Smallpox is a highly infectious and often fatal viral disease that leaves permanent pits in the skin. Before smallpox was wiped out, it killed, disfigured, and blinded millions of people.
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A Different Kind of War
Beginning in 1966, the World Health Organization declared war against an enemy that throughout history had caused governments to fall and wiped out entire populations. The allies in this battle were mostly ordinary people in villages and towns, and their main weapon was a vaccine. Ten years later, they achieved one of the finest victories in the history of medicine: the global destruction of smallpox. The last known outbreak of the disease, which killed 2 million people in 1967, was in Somalia in 1977. In 1980, the World Health Assembly declared the world free of smallpox. Today people have nothing to fear from this disease.
Edward Jenner was born in England in 1749. He worked as a country doctor. In Europe, it was believed that milkmaids who developed cowpox (a disease that affects the udders of cows but is harmless to humans) did not get smallpox. To test this belief, in 1796 Jenner began inoculating (i-NOK-yoo-layt-ing) people with cowpox virus. In an experiment that would not be permitted today because it would be considered too dangerous, he later injected these same people with smallpox virus. They remained disease-free. Jenner's experiment with cowpox proved the value of vaccination and led to its widespread use. Modern immunology, that is, the study of how organisms fight infection, began with Jenner.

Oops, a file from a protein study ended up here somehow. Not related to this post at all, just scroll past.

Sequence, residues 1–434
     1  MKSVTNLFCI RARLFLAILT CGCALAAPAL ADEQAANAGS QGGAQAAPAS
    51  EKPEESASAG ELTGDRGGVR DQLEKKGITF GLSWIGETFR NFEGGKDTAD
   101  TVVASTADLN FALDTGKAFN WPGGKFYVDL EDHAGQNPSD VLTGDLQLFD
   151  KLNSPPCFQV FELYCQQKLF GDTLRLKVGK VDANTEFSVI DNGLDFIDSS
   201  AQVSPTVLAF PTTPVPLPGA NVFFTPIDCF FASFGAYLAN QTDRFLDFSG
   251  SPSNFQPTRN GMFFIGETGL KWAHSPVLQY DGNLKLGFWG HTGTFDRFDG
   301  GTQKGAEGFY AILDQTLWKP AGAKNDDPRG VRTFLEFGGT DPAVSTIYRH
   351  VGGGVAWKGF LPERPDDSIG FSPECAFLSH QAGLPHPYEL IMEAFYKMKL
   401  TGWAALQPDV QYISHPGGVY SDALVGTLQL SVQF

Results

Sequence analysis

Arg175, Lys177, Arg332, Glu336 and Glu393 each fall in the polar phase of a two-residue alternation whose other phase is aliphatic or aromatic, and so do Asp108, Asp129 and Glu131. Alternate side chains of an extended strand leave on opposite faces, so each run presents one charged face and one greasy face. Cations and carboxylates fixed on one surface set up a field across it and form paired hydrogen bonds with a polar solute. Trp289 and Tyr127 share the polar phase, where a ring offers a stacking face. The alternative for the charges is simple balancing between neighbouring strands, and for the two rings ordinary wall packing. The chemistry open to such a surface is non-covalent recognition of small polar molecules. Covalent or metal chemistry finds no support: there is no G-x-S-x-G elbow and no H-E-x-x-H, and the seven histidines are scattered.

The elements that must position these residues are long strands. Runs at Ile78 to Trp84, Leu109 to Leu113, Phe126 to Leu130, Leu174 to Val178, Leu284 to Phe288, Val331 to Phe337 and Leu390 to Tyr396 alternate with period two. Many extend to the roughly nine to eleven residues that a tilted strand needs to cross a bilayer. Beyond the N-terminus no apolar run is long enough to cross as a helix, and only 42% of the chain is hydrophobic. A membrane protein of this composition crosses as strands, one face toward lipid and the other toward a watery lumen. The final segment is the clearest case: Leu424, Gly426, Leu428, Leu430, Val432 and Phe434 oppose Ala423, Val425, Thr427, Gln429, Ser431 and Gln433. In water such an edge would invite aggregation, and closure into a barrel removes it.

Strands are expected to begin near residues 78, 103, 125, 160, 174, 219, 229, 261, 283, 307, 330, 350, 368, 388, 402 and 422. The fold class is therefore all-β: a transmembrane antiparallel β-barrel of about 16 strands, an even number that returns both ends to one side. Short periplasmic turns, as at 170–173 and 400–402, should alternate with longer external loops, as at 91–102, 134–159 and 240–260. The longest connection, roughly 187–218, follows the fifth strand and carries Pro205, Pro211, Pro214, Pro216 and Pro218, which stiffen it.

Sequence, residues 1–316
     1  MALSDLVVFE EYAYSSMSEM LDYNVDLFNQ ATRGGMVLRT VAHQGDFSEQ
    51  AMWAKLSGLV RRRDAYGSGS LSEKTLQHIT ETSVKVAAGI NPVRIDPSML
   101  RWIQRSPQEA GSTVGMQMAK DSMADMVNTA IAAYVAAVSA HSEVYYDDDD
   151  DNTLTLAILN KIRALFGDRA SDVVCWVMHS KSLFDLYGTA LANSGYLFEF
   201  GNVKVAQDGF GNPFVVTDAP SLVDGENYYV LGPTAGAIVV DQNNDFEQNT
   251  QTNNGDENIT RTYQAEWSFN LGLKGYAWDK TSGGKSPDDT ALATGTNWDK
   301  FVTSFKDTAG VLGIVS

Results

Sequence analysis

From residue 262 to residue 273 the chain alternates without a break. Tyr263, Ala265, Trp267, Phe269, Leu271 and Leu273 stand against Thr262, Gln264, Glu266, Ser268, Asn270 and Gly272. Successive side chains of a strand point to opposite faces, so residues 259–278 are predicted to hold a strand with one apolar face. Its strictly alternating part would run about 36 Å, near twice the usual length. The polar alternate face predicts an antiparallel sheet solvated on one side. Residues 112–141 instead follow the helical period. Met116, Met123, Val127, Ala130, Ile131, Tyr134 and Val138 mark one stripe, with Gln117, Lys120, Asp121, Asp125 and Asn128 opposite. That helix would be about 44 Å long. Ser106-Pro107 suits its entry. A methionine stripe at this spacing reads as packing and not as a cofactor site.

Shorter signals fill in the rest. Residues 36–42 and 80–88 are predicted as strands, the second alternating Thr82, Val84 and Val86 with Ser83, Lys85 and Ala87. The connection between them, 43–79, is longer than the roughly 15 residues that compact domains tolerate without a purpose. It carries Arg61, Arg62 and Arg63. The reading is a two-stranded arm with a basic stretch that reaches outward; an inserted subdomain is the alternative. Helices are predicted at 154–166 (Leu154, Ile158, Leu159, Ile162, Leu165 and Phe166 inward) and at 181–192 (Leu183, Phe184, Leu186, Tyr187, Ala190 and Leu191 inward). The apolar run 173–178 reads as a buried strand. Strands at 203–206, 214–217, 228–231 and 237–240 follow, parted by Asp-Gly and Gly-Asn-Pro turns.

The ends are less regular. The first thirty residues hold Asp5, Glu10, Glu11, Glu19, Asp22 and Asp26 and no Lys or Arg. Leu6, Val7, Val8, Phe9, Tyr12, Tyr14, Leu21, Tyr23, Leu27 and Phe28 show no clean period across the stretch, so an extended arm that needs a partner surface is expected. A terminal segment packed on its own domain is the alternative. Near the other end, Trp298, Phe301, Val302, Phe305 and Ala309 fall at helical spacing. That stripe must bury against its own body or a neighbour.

What Is Smallpox?
Smallpox is an infection caused by the variola virus. The virus was spread when one person breathed in droplets from the air that an infected person had breathed out, for instance by sneezing or coughing. It could also be spread by simply touching someone with the disease. Once inside the
What Causes Smallpox?
Social factors played a major role in the transmission of smallpox. Because it spread by face-to-face contact with another person, it thrived in the crowded conditions of poverty. Smallpox is highly infectious, but it is not as contagious as measles or the flu. If the virus ran out of humans to infect, it could not spread. However, the lesions that appeared on the skin as the disease progressed were infectious and could contaminate nonliving objects such as clothes or blankets for long periods. Children, the elderly, and people who were sick from other diseases would catch smallpox more easily, but the virus could infect anyone.